We identified Rackstraw having something like four or five different alibis for where he said he was during the time of the hijacking, so sort of made it incredible that any one alibi was more significant than the others since he had so many. But this guy’s background, his likeness at the time, because we found photographs of what he looked like back then and if you compare it to the sketch, and look, a sketch is just a sketch, you know, how accurate is it going to be, but it’s eerily similar.
Jared Correia: So thanks for listening, we figured out who D.B. Cooper was. No, just kidding.
Mark, it sounds like a pretty tight theory, but the FBI doesn’t agree with you, right, and why do you think that is?
Mark S. Zaid: They don’t agree and we think it’s frankly because they are so darn embarrassed that we broke the case and they didn’t, when it really comes down to it. I mean, this is just the sort of attitude of the Bureau.
And I didn’t even give you sort of what we say now is the best evidence that has come forward, that we only learned in the last couple of years because of the lawsuit I filed under the Freedom of Information Act. Like I said, we got access to the letters that D.B. Cooper sent to newspapers and we got access for the first time ever to letters that the public didn’t know existed.
When we got those — now I think we have about six letters that we have seen. Those letters we gave to former squad members of Rackstraw from Vietnam. And when one of the men who was in his unit was looking at the letters, he recognized there were some strange nuances, strange language that was used.
There were phrases that were repeated. There were words that sort of seemed out of place. And he took one of the intelligence codes that they used to use for that unit and he applied it to each of the letters, and in each of those letters he found coded words, coded sentences.
And in each of them we found the units that Rackstraw had been in in Vietnam. There were phrases where he indicated he was taunting the government that D.B Cooper is not his real name and you guys can’t find me.
And that’s all great circumstantial evidence, but the kicker was in the sixth letter. The final letter, the most recent letter we got, it said, when you applied the same code, it said I am 1st LT Robert Rackstraw. I don’t know, you can’t get much better than that.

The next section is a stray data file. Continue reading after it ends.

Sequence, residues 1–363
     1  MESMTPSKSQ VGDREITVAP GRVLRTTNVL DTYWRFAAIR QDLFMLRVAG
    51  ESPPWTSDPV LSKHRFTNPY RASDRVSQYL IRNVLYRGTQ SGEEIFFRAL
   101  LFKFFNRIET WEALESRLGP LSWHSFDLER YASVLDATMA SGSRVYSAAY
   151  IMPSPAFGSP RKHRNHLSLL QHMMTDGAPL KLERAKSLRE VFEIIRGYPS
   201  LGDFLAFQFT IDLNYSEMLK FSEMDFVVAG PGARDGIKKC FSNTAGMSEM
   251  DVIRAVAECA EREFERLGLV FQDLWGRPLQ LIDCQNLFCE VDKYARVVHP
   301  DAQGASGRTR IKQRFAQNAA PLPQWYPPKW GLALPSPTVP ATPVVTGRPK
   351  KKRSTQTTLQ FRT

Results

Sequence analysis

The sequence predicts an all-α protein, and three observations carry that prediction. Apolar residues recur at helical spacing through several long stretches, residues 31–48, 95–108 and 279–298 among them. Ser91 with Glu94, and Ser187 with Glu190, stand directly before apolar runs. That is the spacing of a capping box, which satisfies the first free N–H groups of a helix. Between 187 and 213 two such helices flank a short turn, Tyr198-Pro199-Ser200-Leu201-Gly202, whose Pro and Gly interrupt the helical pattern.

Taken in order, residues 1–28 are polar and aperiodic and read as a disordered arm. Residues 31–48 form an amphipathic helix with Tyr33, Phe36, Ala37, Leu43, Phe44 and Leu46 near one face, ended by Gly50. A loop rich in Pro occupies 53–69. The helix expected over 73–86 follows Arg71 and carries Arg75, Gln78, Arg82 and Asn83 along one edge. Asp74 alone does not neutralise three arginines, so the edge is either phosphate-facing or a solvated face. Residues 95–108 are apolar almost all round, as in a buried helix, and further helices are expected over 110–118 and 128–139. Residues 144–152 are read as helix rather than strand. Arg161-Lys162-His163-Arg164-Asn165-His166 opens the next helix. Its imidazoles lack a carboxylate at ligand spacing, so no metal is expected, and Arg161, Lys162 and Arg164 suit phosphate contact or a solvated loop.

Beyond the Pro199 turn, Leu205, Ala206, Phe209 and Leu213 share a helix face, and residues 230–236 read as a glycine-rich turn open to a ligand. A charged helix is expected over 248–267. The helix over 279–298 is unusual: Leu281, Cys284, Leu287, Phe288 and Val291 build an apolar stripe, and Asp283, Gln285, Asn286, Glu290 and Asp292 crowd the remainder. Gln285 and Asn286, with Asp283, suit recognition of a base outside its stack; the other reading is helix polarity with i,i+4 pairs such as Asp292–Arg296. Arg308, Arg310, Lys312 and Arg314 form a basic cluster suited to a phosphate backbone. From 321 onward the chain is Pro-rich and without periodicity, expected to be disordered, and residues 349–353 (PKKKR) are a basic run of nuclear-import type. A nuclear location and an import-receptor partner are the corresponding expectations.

Jared Correia: It’s pretty good.
Laurence Colletti: So this was work done by Thomas Colbert’s team member Rick Sherwood, right? Now, he was the one that served — I think he served in a unit at the same time as Rackstraw, is that correct?
Mark S. Zaid: Correct.
Laurence Colletti: So I thought there was initially just five letters, so I am getting something new here. So the fifth letter of course was the one that you guys were able to unearth after the FOIA request and it had been secret for about 46 years. So you are saying there is a sixth letter, which — where was that one located?
Mark S. Zaid: Within the FBI files. What’s going on as part of the lawsuit, because they administratively closed the investigation, we put in a FOIA request. I hadn’t done that earlier because the FBI could have claimed that it’s an open investigation and you can’t — there is an exemption under FOIA for getting access to open investigation.
So the Jimmy Hoffa’s murder investigation is still an open investigation since 1975 and his family can’t get access to the files. But when they closed the investigation and we put in the FOIA request and sued, then they were forced to have to start disclosing the info. So they are processing a minimum of 500 pages every month and just sending them to me on a disk. So we never know what we are going to get and in each of these batches of releases every month has been these new letters, these new old letters.
Jared Correia: That’s fascinating. So spoiler alert, the sixth letter says, just kidding, Laurence Colletti is D.B. Cooper.
Mark S. Zaid: The seventh letter.
Jared Correia: The seventh latter, excuse me.
Laurence Colletti: It’s hard to keep up. It’s hard to keep up.
Jared Correia: There are a lot of letters. Criminals love to write letters, it’s like a thing. It’s how they always give themselves away.
So Robert Wesley Rackstraw is like a real person, who is still alive, unlike some of these other suspects, and he claims that he has lost his job as a result of your investigation. So are you worried that he is going to sue you and your client potentially?
Mark S. Zaid: No, he has already claimed I murdered him, but he got better just like in Monty Python’s Holy Grail.
Jared Correia: It’s only a flesh wound.